What will haunt this movie, regardless of how good it is, is that it’s an issue movie. It’ll be referred to as “that Alzheimer’s movie.” They used to call this type of film “disease of the week,” which suggests both a certain cheapness and a too-easy play for your sympathy.
But it’s unfair to judge a movie by its genre; each movie should be judged on its merits, and Away from Her is a decent, respectable little film, with actress Sarah Polley making her writing and directing debut.
Two Roads Diverged
The movie follows an older couple, Grant and Fiona (Gordon Pinsent and Julie Christie) who cross-country ski together, following the same old ruts, leaving parallel tracks behind them. Their paths diverge, though, when it becomes clear that Fiona’s “senior moments” are not mere senility.
They both decide—but mostly Fiona—that she should move into a care facility and away from home. Fiona is decent enough to be doing it to ease the burden on Grant. Grant loves her enough to hate to see her go, but she wanders off in the snow, and leaves pots boiling on the stove, putting herself at risk.
The hardest part, they know, will be the first 30 days, during which Grant will not be allowed to visit. The home’s policy demands it so that Fiona can “settle in,” which made me wonder whether this was a convenient plot device or a standard industry practice.
Day 31 proves to be the beginning of the end: in their month apart, Fiona has found a new friend, Aubrey (Michael Murphy), to dote on, and the marital knot between her and Grant seems to have been untied.
Structure and Characters
The structure of the film is not as high-concept as Memento’s, but it’s similar. It has a fractured timeline that reveals certain facts up-front, and keeps certain motives and explanations mysterious until the end. The structure works well for this story about a malfunctioning brain without calling undue attention to itself.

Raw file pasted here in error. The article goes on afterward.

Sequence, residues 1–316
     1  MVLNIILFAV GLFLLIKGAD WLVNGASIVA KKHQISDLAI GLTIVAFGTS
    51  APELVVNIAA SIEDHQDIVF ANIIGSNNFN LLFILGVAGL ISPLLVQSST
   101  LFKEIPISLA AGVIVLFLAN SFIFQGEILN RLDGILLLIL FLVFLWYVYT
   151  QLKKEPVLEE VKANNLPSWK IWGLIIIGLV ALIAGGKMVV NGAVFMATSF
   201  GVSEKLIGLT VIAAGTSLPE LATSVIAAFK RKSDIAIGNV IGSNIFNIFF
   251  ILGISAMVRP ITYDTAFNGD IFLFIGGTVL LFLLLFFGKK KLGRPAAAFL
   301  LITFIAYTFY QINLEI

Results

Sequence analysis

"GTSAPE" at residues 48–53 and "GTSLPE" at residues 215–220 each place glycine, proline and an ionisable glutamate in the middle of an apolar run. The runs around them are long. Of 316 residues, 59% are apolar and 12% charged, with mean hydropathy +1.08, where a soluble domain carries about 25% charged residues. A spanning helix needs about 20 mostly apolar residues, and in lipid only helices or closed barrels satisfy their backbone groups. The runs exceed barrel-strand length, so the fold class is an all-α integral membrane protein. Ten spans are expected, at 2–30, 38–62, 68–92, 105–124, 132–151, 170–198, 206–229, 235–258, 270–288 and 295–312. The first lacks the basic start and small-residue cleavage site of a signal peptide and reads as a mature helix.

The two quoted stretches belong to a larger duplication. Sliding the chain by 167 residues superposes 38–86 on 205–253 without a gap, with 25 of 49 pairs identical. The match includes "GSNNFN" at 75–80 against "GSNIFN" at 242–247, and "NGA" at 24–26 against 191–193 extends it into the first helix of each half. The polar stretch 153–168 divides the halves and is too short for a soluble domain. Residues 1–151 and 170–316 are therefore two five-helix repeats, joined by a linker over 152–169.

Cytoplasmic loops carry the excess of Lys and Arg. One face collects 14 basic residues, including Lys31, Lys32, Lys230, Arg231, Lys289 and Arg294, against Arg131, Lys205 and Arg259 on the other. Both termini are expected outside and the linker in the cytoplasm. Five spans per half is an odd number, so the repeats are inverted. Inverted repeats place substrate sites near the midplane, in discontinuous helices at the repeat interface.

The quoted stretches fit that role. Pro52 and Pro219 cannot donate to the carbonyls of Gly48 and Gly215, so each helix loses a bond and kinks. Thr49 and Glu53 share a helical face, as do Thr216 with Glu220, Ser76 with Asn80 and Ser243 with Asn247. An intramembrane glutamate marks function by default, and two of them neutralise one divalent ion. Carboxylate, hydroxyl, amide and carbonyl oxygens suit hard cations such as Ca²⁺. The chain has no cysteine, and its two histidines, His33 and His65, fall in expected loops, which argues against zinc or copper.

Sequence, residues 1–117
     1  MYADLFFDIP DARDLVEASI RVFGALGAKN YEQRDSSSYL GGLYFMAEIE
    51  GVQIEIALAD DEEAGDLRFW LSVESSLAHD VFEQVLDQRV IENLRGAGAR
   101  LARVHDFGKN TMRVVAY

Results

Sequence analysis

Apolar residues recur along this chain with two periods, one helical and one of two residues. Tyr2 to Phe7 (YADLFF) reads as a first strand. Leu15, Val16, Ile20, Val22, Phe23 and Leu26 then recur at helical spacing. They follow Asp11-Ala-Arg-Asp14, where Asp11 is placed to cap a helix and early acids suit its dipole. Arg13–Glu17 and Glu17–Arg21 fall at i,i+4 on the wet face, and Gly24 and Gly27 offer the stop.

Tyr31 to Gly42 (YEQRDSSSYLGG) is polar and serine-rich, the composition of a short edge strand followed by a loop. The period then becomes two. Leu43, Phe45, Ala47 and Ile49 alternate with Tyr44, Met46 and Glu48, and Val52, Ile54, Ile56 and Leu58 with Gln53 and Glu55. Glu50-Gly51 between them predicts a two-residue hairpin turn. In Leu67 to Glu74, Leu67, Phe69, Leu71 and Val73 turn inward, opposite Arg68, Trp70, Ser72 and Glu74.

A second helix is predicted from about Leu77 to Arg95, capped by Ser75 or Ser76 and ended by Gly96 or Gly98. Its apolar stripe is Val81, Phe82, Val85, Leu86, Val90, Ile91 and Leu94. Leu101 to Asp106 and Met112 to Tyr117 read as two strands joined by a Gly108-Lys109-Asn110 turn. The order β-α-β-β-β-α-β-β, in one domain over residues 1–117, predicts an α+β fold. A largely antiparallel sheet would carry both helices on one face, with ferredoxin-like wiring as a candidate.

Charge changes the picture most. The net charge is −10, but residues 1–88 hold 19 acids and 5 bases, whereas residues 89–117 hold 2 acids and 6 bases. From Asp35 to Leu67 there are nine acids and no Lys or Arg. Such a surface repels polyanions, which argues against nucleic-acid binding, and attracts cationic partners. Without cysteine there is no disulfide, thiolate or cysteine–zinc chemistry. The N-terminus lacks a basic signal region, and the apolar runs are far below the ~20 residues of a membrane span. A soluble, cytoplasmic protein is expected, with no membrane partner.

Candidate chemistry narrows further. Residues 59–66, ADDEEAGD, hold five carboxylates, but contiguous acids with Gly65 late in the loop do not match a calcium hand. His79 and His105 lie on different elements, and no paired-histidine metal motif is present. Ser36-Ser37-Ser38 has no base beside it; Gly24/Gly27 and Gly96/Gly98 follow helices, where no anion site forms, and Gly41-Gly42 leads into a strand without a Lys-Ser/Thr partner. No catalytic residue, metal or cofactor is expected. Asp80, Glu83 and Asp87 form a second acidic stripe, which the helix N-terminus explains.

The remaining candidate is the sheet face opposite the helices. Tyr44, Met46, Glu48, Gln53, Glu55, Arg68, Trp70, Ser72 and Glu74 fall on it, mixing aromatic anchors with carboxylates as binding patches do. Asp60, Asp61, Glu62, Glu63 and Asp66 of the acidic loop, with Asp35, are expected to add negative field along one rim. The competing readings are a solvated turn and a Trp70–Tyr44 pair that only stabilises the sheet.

The characters are refreshingly decent. In the first act, both partners think of the other’s best interests, weighing that against their mutually selfish desire to stay together. Throughout the film, even as the situation gets worse, all the characters remain good people. Nobody snaps.
Hound of the Baskervilles
I confess I was steeling myself for just such an occurrence. Before the movie, a friend told me she’d heard we might need Kleenex. When the movie ended, I felt both relieved and a little disappointed. I expected an emotionally devastating movie, and Away from Her didn’t deliver.
On the other hand, this well-to-do Canadian couple has the benefit of decent institutions and a lot of good information. Alzheimer’s is not easy for either of them, but things could be a lot worse. If they lived outside of a first-world country, or even in Canada more than twenty years ago, their lot in life would be even harder.
Only after leaving the theater did it occur to me that maybe the whole point of Away from Her was not to devastate the emotions of an audience. Maybe the point was that Alzheimer’s doesn’t have to lead to explosions, betrayals, and life-or-death situations. Maybe the point is to show that good people can cope with Alzheimers (or other feared diseases) without being destroyed by it.
If so, that’s a valuable message, even if it’s a little hard to hear at a multiplex.